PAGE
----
Preliminary Evaluation of A Tongue Operated Assistive Technology by Individuals with High-Level SCI for Computer Access and Wheeled Mobility

Xueliang Huo1 , MS; Joy Bruce2 , PT, MS, NCS; Maysam Ghovanloo1 , PhD

1 GT-Bionics Lab, School of Electrical and Computer Engineering, Georgia Institute of Technology, Atlanta, GA
2 Spinal Cord Injury Unit, Shepherd Center, Atlanta, GA


Tongue Drive System (TDS) is a tongue operated, unobtrusive, minimally invasive, wireless assistive technology (AT), which enables people with severe disabilities control their environments using their tongue. It detects the position of a small permanent magnetic tracer secured on the users’ tongue with an array of magnetic sensors mounted on a headset outside the mouth or a dental retainer inside. We have built an external TDS (eTDS) prototype on a wireless headphone and interfaced it to laptops and commercial powered wheelchairs (PWC). Here we introduce the latest eTDS prototype and its performance evaluation by five subjects with high level (C3~C5) spinal cord injury (SCI). Preliminary results show that subjects can successfully perform common tasks related to computer access, such as controlling a mouse cursor or playing a computer game, as well as complex wheelchair navigation tasks, such as driving through an obstacle course, using nothing but their tongue movements.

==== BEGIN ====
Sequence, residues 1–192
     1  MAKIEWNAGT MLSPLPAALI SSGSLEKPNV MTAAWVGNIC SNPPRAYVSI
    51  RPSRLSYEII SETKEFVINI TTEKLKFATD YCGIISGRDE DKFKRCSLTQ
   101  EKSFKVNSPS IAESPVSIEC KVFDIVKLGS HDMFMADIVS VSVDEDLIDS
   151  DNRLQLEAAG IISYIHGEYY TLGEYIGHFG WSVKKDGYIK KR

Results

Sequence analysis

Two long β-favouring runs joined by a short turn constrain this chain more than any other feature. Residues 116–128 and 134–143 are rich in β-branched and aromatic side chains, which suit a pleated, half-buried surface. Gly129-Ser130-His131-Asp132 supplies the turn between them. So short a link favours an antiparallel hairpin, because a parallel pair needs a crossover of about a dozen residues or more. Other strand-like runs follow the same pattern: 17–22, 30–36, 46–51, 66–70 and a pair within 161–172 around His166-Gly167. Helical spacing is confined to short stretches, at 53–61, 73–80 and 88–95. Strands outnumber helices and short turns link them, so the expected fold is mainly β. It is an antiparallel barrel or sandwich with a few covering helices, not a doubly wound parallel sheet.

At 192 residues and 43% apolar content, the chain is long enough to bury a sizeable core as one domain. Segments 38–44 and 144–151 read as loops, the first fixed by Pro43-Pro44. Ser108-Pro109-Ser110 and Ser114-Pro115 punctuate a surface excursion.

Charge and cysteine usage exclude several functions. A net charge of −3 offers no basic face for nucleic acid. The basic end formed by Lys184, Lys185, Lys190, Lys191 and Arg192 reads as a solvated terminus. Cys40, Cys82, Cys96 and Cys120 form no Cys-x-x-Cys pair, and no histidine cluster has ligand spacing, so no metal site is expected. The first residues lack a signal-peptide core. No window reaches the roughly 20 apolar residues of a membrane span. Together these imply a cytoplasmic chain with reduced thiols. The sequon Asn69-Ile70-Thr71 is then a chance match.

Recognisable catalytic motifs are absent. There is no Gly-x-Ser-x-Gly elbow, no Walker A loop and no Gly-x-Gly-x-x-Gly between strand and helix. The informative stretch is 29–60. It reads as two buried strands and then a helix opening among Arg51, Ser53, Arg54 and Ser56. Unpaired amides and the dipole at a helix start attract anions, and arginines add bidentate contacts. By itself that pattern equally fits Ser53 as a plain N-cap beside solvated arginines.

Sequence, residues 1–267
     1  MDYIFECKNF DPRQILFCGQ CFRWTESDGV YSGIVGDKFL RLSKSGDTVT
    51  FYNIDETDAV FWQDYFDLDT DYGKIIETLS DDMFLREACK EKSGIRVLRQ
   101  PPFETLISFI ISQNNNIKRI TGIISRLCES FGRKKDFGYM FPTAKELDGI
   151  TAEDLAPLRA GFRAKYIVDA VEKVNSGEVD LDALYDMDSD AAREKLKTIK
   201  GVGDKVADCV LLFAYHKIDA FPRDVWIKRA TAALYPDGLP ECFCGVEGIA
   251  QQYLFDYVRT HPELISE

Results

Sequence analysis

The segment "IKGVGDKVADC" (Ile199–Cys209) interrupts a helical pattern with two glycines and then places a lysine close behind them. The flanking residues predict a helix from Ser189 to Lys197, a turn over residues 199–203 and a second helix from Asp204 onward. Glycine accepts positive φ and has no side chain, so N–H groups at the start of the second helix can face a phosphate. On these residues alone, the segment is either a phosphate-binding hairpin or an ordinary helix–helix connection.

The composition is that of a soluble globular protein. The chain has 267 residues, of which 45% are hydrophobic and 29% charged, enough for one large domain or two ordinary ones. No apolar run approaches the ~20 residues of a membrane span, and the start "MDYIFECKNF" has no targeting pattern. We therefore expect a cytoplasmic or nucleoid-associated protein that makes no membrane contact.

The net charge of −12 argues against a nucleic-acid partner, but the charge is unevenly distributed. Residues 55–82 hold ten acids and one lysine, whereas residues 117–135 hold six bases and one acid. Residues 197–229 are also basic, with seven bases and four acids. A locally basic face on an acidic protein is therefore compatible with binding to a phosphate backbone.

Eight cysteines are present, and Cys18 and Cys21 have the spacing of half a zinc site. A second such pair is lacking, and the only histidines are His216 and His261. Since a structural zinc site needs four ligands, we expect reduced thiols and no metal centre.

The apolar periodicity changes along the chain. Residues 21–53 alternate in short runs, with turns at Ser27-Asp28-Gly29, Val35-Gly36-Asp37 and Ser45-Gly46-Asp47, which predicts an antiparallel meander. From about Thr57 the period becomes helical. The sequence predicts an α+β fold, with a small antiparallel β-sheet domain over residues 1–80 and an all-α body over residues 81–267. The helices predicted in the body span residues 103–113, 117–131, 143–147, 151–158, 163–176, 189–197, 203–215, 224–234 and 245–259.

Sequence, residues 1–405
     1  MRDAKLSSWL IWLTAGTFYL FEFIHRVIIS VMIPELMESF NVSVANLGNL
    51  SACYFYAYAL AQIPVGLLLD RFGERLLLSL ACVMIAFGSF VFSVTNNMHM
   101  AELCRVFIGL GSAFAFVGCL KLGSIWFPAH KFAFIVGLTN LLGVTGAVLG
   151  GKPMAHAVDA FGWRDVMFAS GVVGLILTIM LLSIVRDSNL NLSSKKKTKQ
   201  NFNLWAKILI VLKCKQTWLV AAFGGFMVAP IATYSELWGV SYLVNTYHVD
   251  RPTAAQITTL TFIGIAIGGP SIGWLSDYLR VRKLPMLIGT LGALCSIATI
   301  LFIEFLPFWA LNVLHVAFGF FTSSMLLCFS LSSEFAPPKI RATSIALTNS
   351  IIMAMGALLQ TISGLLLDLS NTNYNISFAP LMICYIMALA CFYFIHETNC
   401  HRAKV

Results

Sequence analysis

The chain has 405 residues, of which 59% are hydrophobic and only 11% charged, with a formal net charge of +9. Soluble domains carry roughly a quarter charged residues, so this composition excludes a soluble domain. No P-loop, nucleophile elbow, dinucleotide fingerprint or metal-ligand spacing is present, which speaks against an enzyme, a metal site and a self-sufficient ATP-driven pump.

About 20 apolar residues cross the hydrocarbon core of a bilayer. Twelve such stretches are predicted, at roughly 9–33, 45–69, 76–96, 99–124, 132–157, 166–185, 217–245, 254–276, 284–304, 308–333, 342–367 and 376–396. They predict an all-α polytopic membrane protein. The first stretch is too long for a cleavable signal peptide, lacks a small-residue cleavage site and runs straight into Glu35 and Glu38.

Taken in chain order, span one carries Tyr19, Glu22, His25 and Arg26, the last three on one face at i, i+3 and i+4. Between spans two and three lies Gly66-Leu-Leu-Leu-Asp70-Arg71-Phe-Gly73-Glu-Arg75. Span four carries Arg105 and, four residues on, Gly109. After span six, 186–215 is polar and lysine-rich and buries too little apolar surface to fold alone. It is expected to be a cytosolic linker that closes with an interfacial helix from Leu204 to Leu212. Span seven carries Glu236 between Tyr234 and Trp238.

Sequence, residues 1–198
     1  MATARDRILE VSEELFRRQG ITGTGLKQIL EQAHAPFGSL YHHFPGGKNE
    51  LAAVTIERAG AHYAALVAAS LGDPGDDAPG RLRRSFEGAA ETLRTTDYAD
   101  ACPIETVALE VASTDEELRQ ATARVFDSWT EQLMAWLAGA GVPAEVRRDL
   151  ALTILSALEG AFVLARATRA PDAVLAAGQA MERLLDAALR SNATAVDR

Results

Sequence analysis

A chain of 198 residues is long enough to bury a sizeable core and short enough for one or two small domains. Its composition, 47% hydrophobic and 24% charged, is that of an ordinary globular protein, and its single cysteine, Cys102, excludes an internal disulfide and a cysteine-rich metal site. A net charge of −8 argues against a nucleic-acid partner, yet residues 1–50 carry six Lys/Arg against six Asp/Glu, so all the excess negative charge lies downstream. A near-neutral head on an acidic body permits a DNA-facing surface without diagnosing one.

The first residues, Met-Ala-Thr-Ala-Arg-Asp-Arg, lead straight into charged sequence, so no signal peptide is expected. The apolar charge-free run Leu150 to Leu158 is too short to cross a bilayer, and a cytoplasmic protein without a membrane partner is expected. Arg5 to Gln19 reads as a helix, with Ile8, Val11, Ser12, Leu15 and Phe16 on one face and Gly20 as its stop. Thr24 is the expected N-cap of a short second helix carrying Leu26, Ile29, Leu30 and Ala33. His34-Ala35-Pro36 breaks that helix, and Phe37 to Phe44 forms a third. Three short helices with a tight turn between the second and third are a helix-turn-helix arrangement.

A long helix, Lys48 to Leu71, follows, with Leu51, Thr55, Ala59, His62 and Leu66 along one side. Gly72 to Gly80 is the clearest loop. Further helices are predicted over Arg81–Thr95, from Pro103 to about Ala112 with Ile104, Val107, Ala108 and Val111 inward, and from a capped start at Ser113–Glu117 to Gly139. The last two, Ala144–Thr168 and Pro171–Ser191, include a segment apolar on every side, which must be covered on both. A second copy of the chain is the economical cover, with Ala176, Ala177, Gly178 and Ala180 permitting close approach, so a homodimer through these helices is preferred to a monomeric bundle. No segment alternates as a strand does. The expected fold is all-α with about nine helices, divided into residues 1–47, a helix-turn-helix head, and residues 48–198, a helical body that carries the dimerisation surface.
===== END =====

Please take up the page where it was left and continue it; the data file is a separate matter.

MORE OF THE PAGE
Assistive technologies, computer access, environment control, magnetic sensors, tongue, wheeled mobility


The authors would like to thank Permobil Inc. and Pride Mobility Products Inc. for donating powered wheelchairs. We also thank Chih-Wen Cheng from GT-Bionics Lab for helping with the experiments. This project is funded in part by the Christopher and Dana Reeve Foundation and National Science Foundation.


Maysam Ghovanloo, Ph.D.
Assistant Professor
Georgia Institute of Technology
School of Electrical and Computer Engineering
85 Fifth Street NW, Room TSRB-419
Atlanta, GA 30308
Office: 404-385-7048
Lab: 404-385-6427
Fax: 404-894-4701